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08 Sep 2016

Share of power generated from renewables up by 70%

Renewables' boom and negative power prices

The share of electricity generated from solar and wind energy by the world's 20 largest economies soared by 70%.

The G20 nations are reportedly producing 8% of their total electricity from wind parks, solar farms, and other green energy sources.

Germany is leading the others, thanks to its Energiewende (energy transition) policy; renewable energy now contributes to 36% of the country's electricity mix.

In context

Renewables' boom and negative power prices

Introduction

What is renewable energy?

The energy collected from resources that are naturally replenished is called renewable energy; sunlight, the wind, tides, geothermal heat, etc. are some of the sources of renewable energy.

Unlike other energy resources that are concentrated in limited countries, renewable energy resources exist over extensive geographical areas.

Deployment of such energy results in energy efficiency, energy security, economic benefits, and climate change mitigation.

Germany's Energiewende policy

Germany's Energiewende policy is for the transition to a low carbon, environment-friendly, reliable, sound and affordable energy in the country. Legislative support for the policy was passed in 2010. Germany aims to produce 100% of its electricity from renewable energies by 2050.

People were paid to consume electricity

Germany

People were paid to consume electricity

During May'16, Germany had so much renewable energy that people were being paid to consume electricity.

According to Germany's Agora Energiewende, on 8 May'16, wind, solar and hydroelectric energy plants produced nearly 55GW of power (80% of total consumption); thanks to high winds and fair weather.

Due to high power generation, its price plummeted and had gone negative for nearly 10 hours.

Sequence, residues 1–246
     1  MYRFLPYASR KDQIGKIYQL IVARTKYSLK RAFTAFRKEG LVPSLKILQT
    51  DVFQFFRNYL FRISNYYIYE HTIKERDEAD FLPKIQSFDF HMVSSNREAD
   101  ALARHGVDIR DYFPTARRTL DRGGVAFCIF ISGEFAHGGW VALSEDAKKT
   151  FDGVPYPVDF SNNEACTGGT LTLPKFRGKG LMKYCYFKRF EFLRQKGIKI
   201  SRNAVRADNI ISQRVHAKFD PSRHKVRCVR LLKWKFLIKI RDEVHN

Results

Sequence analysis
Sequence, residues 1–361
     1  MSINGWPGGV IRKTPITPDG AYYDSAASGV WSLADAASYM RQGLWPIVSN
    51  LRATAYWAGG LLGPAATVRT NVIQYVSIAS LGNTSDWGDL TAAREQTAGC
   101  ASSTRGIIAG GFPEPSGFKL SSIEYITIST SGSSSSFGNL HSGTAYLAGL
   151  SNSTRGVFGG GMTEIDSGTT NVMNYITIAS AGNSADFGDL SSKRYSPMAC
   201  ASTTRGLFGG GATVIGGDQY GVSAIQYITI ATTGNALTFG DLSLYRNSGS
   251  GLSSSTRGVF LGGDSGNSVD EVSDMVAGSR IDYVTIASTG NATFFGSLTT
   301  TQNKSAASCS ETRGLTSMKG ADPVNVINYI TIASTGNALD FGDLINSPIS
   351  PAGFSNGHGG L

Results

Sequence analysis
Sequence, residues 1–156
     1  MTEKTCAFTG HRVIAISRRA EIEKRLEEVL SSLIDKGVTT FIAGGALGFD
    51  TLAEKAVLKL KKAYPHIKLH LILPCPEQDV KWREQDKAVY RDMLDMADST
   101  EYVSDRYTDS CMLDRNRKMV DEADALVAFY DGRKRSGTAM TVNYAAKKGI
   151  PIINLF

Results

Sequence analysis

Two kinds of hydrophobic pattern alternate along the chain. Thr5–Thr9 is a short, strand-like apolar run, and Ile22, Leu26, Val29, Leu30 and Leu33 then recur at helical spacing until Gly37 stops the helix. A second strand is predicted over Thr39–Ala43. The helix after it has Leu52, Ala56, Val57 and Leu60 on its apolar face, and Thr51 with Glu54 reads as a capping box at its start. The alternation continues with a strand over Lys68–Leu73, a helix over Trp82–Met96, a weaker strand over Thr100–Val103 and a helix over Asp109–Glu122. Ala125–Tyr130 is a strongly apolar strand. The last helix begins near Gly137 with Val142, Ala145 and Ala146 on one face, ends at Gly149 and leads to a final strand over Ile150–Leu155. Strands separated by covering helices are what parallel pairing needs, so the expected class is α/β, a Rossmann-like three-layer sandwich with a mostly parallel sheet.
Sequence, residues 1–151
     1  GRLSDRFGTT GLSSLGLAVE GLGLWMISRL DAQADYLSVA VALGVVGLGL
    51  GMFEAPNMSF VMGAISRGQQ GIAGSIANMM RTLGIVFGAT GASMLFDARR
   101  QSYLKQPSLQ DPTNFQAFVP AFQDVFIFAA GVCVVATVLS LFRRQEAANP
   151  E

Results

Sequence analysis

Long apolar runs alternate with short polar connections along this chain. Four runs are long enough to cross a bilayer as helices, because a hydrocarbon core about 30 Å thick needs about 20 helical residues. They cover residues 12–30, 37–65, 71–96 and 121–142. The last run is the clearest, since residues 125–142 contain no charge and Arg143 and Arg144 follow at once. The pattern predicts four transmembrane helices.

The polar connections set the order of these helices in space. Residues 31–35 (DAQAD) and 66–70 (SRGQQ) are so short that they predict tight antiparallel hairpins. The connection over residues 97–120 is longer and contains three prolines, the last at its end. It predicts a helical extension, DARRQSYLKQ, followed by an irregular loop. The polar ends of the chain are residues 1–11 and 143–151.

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Power prices repeatedly dipped into the negatives

Power prices in Germany repeatedly dipped into the negatives. During Dec'12-Dec'13, electricity prices were in the negatives for 97 hours. Energy providers had been paid by producers to take electricity off their hands. Negative prices were linked to the power production system's inflexibility.

The UK

Energy prices in the UK driven down

In May'16, energy prices in the UK were driven down due to a surge in wind and solar farms.

In 2015, renewable energy resources supplied one-third of the country's total electricity resulting in negative prices.

The UK's renewable generating capacity is 22GW while the weekend demand is as low as 17GW.

The situation in the country was similar to that of other European countries.

How are negative power prices caused?

How?

How are negative power prices caused?

Experts say negative power prices are the results of market imbalances and not gains in electricity production.

Supporters of solar and wind power often say the low or negative prices are because of low-cost of production or impressive efficiency gains in power generation.

But, they are caused due to unpredictable supply and demand fluctuations as solar, and wind energies aren't intermittent.

Successful transition to renewable energy

The Centre for European Policy Studies stated the power grids in Europe should be more flexible for a transition to renewable energy in order to be successful. It said with improved power storage and grid management technology, sudden spikes can be handled well.

08 Sep 2016

Share of power generated from renewables up by 70%

The share of electricity generated from solar and wind energy by the world's 20 largest economies soared by 70%.

The G20 nations are reportedly producing 8% of their total electricity from wind parks, solar farms, and other green energy sources.

Germany is leading the others, thanks to its Energiewende (energy transition) policy; renewable energy now contributes to 36% of the country's electricity mix.

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